Voila! An ingot of 18k gold successfully poured, and ready to be made into two wedding bands.

Actually that last photo was taken a few weeks ago. Since then, I have made her band and taken it to the London Assay office. I am pleased to confirm it was stamped "750", confirming it is 18k gold. His ring was completed this weekend and has a finished width of 5mm. This is 2mm wider than it would have been had it remained 22k.

So in the end, everyone is happy. She has a wedding band that will reside happily against her engagement ring for years to come. He has the wider wedding band he wanted. And, I know how to successfully alloy gold!

Photos of the finished rings can be found here on my website.

Sunday, 16 June 2013

VIDEO Lappings, Lemel & Sweeps: A private tour of Hatton Garden

The history of Hatton Garden in 39 mins! Well, maybe not the whole history, but it definitely packs in a lot about the jewellers and gem cutters of London's most famous jewellery district. And, anyone who is interested is interested learning about Hatton Garden or the jewellery trade should definitely set aside the time, bag of popcorn in hand, and watch it.

A few months ago, I was invited to the private screening of 'Lappings, Lemel & Sweeps' at The Goldsmiths' Centre. It was such a joy to watch. I learned a few things, laughed along the way, and found myself in awe of some of the area's longest serving characters, who were sitting and watching the film alongside me.
The film shows how rich the history of the area is through its wonderful collection of entertaining personalities. From gem dealers to manufacturers alike, they tell their stories. It also touches upon the challenges the area has faced in the recent past (cheaper imports, rising rents, etc.), but trumpets a strong brigade of new contemporary jewellers to uphold the Garden's tradition of creativity, innovation, and local craftsmanship.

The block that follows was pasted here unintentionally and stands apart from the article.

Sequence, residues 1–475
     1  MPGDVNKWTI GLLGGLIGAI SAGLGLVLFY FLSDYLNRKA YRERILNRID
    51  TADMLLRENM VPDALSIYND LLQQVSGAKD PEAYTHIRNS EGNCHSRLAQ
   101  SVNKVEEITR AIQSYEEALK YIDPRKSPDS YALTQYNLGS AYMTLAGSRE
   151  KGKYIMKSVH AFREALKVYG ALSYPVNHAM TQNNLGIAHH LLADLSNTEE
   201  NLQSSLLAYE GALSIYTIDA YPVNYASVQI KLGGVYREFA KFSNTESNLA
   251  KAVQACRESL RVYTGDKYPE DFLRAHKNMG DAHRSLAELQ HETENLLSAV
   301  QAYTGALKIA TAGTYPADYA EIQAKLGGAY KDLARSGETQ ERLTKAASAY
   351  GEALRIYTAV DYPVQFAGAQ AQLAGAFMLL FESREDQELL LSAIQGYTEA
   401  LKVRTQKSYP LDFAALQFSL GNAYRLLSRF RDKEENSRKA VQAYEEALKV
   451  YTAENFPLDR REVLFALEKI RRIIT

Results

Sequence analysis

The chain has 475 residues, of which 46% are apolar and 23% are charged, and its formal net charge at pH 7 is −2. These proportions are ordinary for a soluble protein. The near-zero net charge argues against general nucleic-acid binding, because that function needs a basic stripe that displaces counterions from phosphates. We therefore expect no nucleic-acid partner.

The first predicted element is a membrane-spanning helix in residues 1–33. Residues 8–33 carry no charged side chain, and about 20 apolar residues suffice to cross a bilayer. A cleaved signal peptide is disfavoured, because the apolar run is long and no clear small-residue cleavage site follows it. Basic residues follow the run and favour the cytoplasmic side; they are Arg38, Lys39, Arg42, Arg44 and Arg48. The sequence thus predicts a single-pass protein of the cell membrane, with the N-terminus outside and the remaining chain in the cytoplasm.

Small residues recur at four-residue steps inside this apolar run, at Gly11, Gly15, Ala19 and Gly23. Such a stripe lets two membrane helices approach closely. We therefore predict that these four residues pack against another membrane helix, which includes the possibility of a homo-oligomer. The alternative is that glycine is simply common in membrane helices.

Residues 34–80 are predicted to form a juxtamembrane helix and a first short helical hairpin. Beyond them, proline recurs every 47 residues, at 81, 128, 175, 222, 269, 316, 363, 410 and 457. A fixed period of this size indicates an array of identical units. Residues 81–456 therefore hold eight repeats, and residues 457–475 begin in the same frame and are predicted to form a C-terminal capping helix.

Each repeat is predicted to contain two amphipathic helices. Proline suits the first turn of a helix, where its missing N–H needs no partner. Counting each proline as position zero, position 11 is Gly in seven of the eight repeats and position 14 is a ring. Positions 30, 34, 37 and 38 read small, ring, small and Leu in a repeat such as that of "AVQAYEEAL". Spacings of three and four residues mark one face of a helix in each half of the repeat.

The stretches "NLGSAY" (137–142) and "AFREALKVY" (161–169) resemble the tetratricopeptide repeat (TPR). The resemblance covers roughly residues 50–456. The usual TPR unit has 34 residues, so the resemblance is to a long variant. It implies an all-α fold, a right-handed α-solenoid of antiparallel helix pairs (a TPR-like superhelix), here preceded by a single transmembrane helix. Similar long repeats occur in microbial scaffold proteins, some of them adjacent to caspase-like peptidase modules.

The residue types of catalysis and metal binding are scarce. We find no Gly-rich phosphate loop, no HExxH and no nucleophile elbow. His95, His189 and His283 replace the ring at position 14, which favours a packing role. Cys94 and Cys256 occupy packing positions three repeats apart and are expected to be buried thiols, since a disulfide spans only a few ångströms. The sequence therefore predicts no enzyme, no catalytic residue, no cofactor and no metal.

'Action!' the digital:works film crew recording in our studio

I thoroughly enjoyed the film, which was both informative and entertaining. It did leave me wanting to know more though, especially with regarding the future of the neighbourhood and the industry born from it...

Should digital:works, or any of the students who helped, put together a sequel, it would be very interested to see how Hatton Garden is adapting to the challenges it mentions. For example, how the manufacturing houses are making way for a new generation of independent designer makers with more craft-orientated agendas. How are the makers adapting their businesses to the new technologies available (or not...)? Are the changing tastes and shopping habits of consumers (wanting locally sourced, ethically driven products) making a difference? Or, how the demographics of the trade are changing - e.g. more multi-nationals, more females, fewer apprenticeships. All of these factors which will undoubtedly shape how Hatton Garden evolve.

In the follow up Q&A, there was strong sense solidarity, and uncertainty, in the audience. Many people were asking: What's next? What can WE do? Do WE rally a group of local businesses? Do WE involve the council in some way to protect the area (which I have later learned, some regulations are already in place - whew!). But, in general, no one seemed to have an immediate answer, but one thing was for sure: WE need to spread the word about the film to raise awareness. Tell people about this film!